Patrolling the seas on the HMS Cygnet

The slave trade – coast of West Africa   26th January 1849


HMS Cygnet was a small ship by any standards, being only 90 feet long with a maximum breadth of 30 feet, but she was fast and that was what was needed on the anti-slavery patrols of the West Africa station. She was packed with a crew of seventy men, including a file of eight Royal Marines and a sergeant and corporal. The ship was armed with six 32 pounder cannons: more than enough for any slave ships if they could be overhauled. The question was whether fast sloops like the Cygnet could catch the slave clippers.


The Cygnet had left England on 6 November 1847 bound for Freetown in the colony of Sierra Leone.; there to join the West Africa squadron commanded by Rear Admiral

Hotham.  This was no big ship fleet but one of small, fast craft who could enforce the anti-slavery blockade of the coast operated by the Royal Navy in compliance with the abolition of slavery in British territories. Slaves in large numbers were still being shipped however to Brazil and Cuba in particular -- from there some found their way to the cotton plantations of the southern states of USA. In 1848, it was estimated in official British returns that 60,000 slaves were shipped. Of these the Navy had returned 5.550 to Africa and seized 91 ships either carrying slaves or slave holding equipment. These ships were sent to auctions in Britain, and the crew received shares of prize money if the ships sold. A man could do well if he had a daring Captain and a fast ship. So mused Private 1st Class John Adamson RM as he watched the Master check the midshipmen’s dead reckoning before he wrote up the log. Maybe enough to marry Jeanie Bell with whom he had an “understanding”.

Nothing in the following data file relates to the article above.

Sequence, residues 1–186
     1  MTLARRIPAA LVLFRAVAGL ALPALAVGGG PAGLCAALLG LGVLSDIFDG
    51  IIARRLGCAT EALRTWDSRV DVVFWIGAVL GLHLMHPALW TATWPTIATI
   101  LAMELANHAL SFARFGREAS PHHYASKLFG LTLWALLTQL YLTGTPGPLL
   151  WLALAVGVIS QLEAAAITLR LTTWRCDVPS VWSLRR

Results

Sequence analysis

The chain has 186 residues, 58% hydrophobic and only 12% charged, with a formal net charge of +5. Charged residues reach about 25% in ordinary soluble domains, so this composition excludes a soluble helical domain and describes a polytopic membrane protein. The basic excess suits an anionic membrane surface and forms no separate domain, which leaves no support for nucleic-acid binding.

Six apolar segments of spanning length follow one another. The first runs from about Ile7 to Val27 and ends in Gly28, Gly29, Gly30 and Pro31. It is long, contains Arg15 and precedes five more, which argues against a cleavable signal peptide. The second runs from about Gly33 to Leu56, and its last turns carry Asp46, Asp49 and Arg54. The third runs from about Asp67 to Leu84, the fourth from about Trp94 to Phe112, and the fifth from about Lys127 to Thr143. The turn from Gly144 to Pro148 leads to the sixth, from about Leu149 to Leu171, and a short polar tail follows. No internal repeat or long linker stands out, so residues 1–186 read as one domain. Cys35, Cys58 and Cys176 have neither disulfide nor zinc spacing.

It was 7am when the lookout spotted a sail on the starboard bow, sailing westwards. The Cygnet immediately put on all sail and moved to intercept.  However, there was very little wind, and the ocean was a flat calm. At 9am the pinnace and gig were lowered with the Royal Marines aboard, and the smaller boats rapidly gained on the suspicious sail. Mr Morgan, First Lieutenant was in charge, and John felt confident in the little Welshmen.  By 4pm the sail had turned into a Brig, called the Harriet, and following it downwind, John could smell the unmistakeable reek of slaves. It was however carrying the colours of the United States of America. Boarding an American ship could provoke a diplomatic incident. Care would be required. HMS Cygnet followed at a distance of ten miles, but what would Mr Morgan do?